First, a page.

Hurricane Maria evacuees call for long-term housing

With their homes on the island destroyed and continued funding for temporary housing in Florida in question, about a dozen advocates for displaced Puerto Rican families appealed to Orange County leaders for help during Tuesday’s County Commission meeting.

Danna Cayac said she and her husband and two children moved to Florida after Hurricane Irma destroyed their home.  She said she currently works two jobs, but the family doesn’t have the means to move out of their FEMA-funded hotel room, in part because it costs so much to apply for rental property.

With fees for background checks and credit checks, she says it costs hundreds of dollars every time she applies to rent a home.

“And then they tell you there are no apartments after that.  The $450 dollars is gone and then they tell you to come back in 3 to 4 months to see what’s available,” she said through a translator.

Cayac said she planned to ask county leaders to create a centralized credit and background check system so that families didn’t have to shell out money over and over again.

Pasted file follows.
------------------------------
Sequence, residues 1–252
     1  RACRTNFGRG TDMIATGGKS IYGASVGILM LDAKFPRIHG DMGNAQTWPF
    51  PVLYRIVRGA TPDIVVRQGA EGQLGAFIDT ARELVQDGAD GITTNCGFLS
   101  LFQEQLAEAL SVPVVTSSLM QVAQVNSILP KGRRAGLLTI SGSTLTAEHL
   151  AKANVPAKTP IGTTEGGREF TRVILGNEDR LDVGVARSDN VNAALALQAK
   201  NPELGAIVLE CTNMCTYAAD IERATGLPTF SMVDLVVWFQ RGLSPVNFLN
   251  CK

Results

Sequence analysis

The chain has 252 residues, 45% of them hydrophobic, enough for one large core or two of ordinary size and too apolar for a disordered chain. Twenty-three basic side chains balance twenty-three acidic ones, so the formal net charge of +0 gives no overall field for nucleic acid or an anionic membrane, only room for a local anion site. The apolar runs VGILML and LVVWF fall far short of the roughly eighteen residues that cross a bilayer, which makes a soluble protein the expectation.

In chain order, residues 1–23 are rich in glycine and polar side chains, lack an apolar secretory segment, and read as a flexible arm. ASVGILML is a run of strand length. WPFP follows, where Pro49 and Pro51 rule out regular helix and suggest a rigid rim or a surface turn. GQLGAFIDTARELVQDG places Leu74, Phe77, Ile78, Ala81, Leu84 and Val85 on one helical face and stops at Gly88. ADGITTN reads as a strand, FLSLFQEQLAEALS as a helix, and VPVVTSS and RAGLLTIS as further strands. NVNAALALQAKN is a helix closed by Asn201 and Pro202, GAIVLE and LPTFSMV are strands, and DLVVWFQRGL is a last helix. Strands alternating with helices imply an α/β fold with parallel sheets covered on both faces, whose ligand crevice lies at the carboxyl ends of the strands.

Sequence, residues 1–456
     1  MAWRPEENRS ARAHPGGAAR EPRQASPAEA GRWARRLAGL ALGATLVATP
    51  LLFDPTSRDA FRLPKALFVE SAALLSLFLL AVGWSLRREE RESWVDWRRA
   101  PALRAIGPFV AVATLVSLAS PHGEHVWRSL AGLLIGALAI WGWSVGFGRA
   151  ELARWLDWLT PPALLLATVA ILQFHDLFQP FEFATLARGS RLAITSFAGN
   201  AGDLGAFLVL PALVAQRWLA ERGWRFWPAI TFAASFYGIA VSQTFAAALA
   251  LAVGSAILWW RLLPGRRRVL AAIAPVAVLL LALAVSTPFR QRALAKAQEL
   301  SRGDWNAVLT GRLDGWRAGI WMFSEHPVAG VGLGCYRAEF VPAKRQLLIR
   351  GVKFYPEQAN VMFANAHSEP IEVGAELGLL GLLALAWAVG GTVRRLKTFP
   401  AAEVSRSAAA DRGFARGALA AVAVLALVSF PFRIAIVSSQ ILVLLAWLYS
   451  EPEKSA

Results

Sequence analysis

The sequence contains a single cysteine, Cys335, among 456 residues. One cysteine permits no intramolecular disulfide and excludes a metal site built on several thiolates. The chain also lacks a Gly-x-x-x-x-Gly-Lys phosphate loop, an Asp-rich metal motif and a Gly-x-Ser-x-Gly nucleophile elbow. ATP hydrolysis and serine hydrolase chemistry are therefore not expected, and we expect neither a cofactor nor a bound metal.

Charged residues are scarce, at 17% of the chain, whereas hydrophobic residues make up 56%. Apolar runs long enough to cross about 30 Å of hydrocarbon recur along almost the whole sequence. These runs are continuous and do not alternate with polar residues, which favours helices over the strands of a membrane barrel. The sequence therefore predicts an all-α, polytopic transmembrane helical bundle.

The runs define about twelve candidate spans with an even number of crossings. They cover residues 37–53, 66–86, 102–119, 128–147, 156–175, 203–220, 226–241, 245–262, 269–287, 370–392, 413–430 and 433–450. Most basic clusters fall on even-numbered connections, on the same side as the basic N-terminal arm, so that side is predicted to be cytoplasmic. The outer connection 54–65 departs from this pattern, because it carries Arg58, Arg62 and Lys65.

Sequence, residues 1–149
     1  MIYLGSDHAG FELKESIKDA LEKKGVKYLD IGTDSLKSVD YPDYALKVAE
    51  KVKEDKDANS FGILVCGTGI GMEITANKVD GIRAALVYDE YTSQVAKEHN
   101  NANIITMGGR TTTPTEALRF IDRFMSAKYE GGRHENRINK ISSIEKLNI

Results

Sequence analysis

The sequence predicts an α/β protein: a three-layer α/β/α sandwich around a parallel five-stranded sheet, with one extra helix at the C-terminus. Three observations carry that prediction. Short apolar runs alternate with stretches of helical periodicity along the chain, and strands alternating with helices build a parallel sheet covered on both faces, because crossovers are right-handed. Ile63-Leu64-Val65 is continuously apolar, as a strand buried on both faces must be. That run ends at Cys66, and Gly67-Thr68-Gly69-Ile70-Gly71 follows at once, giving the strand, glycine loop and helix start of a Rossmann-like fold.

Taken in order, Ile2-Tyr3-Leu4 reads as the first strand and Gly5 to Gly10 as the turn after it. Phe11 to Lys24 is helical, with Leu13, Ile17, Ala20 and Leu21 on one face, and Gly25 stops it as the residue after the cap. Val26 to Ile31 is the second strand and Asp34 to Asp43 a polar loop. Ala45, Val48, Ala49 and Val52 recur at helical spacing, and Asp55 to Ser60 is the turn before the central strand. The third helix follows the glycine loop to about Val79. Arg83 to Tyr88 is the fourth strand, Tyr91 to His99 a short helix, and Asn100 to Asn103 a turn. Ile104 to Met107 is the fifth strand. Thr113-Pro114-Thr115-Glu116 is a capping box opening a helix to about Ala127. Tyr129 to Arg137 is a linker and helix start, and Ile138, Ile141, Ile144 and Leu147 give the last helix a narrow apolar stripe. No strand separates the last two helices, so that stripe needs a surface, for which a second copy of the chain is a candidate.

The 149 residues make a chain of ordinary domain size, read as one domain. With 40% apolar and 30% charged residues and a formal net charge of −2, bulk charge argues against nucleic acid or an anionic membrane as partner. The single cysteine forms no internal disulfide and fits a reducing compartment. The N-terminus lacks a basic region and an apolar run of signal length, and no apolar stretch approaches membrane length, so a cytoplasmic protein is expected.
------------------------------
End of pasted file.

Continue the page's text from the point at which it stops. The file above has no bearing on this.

On top of that, families are required to post three-months’ rent in order to move into public housing, said State Rep. Carlos Guillermo Smith, (D)-Orlando.

Smith said public housing in Orange County is at 100 percent, so he planned to urge county leaders to look for more rooms and buildings to open up as shelters.

“There are resources out there, but then there are other rules… that are well-intended that are blocking them from being able to access this assistance that they need,” Smith said.

The group also called on the county commissioners to help them create a renters’ bill of rights and pressure FEMA to extend housing funding through June.

FEMA extended a deadline for temporary last week. Maria evacuees are now covered through mid-May.